Almost religiously she scribbled her life down in those pages. She wrote for no other reason but herself. At times, her writing seems to be both pain and pleasure, with Sylvia writing out the “desires that will destroy me in the end” and “perhaps someday I’ll crawl back home, beaten, defeated. But not as long as I can make stories out of my heartbreak, beauty out of sorrow.” Reading Sylvia Plath beat on against her frustrations, grapple with the ache to be bigger and different and deal with life and all its tribulations resonated with me.

At first, it felt a little like I was intruding on her memory. After all, I already knew how her story ended and, once again, it brought me back to that strange and palpable feeling of peering at someone’s life through a fishbowl and tapping on the glass.

But this time I was sandwiched in the strange space between outsider and insider. I’d only started to make sense of her in print because it was me, the reader, who had changed.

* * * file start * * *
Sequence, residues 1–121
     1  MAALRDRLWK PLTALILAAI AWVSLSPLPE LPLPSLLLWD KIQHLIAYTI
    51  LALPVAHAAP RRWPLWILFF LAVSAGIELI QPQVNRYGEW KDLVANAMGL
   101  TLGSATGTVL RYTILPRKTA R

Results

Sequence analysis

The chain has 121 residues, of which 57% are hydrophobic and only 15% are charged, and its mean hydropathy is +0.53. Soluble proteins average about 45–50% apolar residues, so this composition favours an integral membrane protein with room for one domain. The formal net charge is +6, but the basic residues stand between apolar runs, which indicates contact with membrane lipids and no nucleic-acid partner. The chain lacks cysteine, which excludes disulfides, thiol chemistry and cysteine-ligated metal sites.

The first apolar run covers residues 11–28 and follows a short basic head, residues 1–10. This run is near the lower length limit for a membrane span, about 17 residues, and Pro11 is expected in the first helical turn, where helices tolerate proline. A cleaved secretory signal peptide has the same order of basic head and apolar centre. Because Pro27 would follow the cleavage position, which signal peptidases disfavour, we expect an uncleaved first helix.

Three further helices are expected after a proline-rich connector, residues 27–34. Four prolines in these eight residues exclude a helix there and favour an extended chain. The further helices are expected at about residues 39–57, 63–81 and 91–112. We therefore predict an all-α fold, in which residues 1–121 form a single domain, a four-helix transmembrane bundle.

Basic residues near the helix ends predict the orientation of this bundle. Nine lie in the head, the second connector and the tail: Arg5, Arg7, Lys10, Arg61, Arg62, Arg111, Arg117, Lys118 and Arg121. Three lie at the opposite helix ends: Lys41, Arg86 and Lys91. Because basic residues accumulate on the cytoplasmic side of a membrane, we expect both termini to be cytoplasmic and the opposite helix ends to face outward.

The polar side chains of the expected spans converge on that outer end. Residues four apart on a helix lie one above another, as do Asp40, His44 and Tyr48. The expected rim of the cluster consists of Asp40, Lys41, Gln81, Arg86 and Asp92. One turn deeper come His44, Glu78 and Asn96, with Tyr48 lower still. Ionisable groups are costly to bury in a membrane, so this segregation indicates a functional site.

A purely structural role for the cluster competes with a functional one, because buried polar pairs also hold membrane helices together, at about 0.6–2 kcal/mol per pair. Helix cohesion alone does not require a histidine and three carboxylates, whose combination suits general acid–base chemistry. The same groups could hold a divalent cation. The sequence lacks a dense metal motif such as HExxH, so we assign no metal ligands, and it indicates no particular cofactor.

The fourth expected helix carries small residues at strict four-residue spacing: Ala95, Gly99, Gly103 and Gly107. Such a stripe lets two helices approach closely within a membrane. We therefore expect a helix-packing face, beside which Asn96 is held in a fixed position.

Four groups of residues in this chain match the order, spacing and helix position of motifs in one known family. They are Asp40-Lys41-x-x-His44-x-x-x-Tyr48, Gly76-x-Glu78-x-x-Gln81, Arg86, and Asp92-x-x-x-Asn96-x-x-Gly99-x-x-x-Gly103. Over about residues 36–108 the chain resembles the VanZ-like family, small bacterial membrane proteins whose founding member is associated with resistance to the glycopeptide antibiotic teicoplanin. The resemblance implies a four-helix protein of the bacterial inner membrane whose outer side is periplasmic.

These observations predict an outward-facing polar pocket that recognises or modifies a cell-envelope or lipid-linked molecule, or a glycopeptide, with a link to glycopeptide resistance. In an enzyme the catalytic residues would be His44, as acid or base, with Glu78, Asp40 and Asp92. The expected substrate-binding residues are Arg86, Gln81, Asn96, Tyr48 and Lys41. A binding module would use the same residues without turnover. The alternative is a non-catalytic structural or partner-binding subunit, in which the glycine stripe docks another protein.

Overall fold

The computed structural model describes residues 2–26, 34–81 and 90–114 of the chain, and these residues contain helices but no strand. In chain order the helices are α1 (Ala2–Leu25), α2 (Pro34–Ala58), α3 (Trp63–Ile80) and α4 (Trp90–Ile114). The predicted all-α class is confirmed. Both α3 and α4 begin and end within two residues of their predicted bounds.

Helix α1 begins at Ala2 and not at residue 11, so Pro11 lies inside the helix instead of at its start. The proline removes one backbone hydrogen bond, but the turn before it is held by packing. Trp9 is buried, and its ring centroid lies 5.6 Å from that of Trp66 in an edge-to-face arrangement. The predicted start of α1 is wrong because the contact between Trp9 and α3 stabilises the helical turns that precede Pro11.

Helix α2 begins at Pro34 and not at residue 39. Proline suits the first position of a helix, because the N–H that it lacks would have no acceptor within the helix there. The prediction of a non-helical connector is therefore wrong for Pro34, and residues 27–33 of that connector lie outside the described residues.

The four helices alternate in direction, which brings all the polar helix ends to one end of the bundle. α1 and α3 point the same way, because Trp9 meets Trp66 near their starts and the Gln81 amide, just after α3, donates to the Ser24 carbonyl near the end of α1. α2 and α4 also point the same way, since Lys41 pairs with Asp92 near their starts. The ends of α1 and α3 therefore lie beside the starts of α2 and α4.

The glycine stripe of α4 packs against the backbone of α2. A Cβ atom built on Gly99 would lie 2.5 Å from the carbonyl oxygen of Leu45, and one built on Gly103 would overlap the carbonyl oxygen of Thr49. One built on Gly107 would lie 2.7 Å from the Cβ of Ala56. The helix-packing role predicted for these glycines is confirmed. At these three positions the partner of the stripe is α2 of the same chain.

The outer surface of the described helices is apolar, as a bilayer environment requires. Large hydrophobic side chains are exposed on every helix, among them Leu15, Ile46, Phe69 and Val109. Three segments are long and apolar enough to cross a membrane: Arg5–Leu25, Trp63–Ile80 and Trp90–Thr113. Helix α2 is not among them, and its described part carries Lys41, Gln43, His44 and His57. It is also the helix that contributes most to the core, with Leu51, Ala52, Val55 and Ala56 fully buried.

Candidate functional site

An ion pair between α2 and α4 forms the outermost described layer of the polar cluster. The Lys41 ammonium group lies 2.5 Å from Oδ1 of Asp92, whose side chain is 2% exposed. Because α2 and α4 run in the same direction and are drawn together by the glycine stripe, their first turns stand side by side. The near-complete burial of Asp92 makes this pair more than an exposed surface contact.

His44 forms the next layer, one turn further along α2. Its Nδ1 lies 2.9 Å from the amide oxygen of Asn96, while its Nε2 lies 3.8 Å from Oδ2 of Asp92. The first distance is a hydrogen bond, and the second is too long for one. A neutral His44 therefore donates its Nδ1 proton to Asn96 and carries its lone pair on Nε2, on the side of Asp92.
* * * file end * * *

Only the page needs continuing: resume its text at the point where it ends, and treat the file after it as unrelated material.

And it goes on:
I was older, somewhat wiser and had experienced life in multiple shades of shadows and light, now having visited a similar mental precipice to the one that had been whispered about in a classroom by my peers years ago.

And like Sylvia I had already decided deep down that I wanted nothing more to than to write. But the revelation that I could really do it came from reading her journals, where she coaxed it out of me. For many years Plath’s work had either been tucked away in a corner for being too dark and heavy, or put on a pedestal in some sort of tribute to the patron saint of Tortured Artists.

Of course, shades of Sylvia shines through her work. Her own experiences with depression influenced The Bell Jar (which I did get around to reading eventually) and Ariel undulates with its themes of power, death, and transformation. But they become fully-fleshed when you read passages from her life, straight from Sylvia’s brain and lips — beyond the glorified sadness that clouded her personal life and the now almost urban-mythic way it ended.